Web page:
In a classic essay on the decline and collapse of the Roman Empire, British classicist Gilbert Murray contends that Romans suffered from a "failure of nerve." With barbarian hordes amassing on their borders, Rome needed to martial their superior army to respond to imminent threats with strength and resolve. But with citizens content in their often lavish and seemingly secure lifestyles, Rome failed to muster a proper defense. The result: Romans lost both their security and their freedom.
Failure of nerve is a common ailment for leaders. Defined as choosing the status quo to avoid a decision which might produce a positive change in course, a failure of nerve is all too often the cause for failure in international affairs, domestic politics and business.
For example, last week I spoke with a CEO friend currently facing a crucial strategic decision. His company of over 10,000 employees is at a technological crossroads—and market forces are undercutting current strategy.
“Do I invest billions of dollars in a new strategy where the outcome is uncertain, or do I maintain the course, hoping things will work out, and leave the problem to the next CEO, who will be coming along anyway in about three years?” my friend asked.
In 2006, America has the same choice facing my CEO friend and that once faced Rome: take bold action in pursuit of long-term success, or simply kick the can down the road for someone else to worry about. Consider just a few of the key priorities we face in the next six months: stabilizing Iraq, confronting Iran, securing our borders, reducing our dependence on foreign oil, reforming entitlements – add ‘em up and it’s easy to see how our leaders can experience a failure of nerve.
But now is not the time for wavering. Republican leadership cannot afford to play it safe leading up to midterm elections. Instead, the GOP must step forward with a bold and confident agenda that sparks the imagination of the American people. They must show they can govern! If they do not, they will lose both the mid-term elections and the trust of the American people.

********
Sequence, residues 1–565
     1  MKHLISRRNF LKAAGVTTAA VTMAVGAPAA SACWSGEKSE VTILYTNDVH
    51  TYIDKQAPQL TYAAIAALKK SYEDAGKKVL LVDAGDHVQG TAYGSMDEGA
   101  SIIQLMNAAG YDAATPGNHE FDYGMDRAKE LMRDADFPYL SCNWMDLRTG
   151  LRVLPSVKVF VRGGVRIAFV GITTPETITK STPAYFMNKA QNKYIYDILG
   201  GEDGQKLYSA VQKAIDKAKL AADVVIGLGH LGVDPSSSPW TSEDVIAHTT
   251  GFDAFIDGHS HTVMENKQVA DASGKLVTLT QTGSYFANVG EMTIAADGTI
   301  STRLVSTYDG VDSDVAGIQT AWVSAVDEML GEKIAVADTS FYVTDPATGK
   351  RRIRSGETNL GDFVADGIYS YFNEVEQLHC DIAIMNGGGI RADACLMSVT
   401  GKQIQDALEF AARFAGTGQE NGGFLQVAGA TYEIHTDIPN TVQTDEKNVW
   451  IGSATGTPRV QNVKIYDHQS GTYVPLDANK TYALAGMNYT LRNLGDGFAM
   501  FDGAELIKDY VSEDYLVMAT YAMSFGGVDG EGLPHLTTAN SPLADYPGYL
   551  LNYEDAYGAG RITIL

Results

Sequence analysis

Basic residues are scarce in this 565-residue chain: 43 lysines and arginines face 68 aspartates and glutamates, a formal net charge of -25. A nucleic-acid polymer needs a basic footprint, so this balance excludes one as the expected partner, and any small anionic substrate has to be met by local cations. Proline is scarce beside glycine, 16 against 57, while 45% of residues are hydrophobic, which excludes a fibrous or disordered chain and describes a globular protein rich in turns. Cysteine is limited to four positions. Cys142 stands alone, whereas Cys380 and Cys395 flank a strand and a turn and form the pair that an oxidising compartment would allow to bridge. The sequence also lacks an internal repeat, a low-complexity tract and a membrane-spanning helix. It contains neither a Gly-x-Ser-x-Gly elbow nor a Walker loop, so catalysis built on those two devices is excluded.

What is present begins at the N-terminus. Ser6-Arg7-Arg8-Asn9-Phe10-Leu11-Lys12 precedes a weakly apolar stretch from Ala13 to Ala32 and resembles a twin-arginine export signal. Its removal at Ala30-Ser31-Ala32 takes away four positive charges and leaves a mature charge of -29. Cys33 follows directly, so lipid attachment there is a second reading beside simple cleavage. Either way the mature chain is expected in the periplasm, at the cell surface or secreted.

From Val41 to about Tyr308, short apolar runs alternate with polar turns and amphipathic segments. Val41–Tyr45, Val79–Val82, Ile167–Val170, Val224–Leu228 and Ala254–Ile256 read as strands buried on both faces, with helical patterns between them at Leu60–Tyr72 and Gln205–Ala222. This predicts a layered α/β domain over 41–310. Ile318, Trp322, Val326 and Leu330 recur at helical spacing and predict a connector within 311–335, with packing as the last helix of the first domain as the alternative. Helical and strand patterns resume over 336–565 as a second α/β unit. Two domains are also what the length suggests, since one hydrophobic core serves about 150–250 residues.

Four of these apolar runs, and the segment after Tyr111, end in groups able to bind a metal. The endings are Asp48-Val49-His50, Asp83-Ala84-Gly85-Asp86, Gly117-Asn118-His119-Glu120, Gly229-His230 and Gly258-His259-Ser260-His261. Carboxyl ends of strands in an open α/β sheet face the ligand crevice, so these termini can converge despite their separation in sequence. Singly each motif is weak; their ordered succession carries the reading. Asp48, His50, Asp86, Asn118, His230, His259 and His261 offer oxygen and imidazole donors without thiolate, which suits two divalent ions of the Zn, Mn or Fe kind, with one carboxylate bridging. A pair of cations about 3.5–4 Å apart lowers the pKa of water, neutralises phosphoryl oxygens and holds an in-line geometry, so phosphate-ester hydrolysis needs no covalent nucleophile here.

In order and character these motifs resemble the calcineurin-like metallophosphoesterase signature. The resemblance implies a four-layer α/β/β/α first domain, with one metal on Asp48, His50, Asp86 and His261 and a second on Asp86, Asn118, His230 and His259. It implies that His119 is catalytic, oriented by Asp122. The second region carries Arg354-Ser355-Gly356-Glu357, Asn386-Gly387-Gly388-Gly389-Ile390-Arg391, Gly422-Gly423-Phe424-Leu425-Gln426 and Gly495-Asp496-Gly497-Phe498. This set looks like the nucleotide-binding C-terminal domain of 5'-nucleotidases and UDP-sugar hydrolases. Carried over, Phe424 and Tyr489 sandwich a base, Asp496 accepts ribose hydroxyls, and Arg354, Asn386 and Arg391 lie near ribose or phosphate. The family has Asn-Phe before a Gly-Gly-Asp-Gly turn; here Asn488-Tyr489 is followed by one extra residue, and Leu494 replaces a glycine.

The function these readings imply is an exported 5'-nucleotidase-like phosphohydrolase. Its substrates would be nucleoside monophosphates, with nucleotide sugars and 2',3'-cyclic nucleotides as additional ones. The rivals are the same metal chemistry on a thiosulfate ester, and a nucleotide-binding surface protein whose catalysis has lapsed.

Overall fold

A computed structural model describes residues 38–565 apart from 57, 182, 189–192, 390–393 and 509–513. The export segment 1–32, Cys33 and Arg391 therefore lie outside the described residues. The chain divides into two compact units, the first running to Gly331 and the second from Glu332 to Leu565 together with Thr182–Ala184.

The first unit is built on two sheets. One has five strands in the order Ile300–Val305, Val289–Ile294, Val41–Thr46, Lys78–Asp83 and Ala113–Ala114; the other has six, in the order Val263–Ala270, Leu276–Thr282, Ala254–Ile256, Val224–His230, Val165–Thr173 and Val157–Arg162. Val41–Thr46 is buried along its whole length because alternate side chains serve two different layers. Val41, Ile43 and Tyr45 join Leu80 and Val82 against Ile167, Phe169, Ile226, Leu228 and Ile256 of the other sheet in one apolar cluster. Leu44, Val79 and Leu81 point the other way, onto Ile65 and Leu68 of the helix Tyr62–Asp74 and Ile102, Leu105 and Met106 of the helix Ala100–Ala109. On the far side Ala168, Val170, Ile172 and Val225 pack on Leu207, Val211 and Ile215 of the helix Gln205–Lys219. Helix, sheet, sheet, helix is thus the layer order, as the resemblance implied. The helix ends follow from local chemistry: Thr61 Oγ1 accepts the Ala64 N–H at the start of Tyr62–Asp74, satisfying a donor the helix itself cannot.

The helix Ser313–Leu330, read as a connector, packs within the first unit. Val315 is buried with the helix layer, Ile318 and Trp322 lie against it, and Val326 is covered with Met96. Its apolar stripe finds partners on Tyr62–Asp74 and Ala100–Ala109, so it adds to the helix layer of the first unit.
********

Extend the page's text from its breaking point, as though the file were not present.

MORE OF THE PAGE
As we creep closer to the November elections, we need leadership, specifically in four areas:
- Iraq and Iran: Develop a comprehensive strategy that demonstrates both prudence and strength.
- Energy: Show us you really do want to break our addiction to oil and how you plan to do it.
- Immigration: Secure the borders, keep our economy growing, and provide a vehicle for citizenship.
- Spending: Stop passing so many earmarks and pick one major entitlement program you want to introduce for reform.
A bold agenda needs to be crafted as a team effort between the White House, Republican leadership on Capitol Hill, and, in the case of immigration, with key governors from the border states.
Right now there’s not much teamwork. However, it looks like the White House is getting the picture that they must reach out more to other leaders if they want to really craft solutions that will be acceptable for multiple stakeholders. Break down the barriers, work together as a team, and cast a bold vision that the majority of Americans can rally behind.
I for one, have been critical of the president on budgetary issues in a book called Getting America Right, but the time for criticism has passed. Now is the time for the home team to rally and get behind our leaders – if they will work together to really give us something to cheer about. Again, the president laid out a challenge for Congress in his speech on Monday night. I for one don’t agree with everything, but I do think he is moving in the right direction.
So I offer my encouragement to President Bush, Bill Frist, and Denny Hastert. I urge you all to be bold, wise and courageous in the defense of our security and freedom. Break down the barriers between the White House and the Congress. Work together. And I remind you that history rewards courage and foresight but scorns a failure of nerve.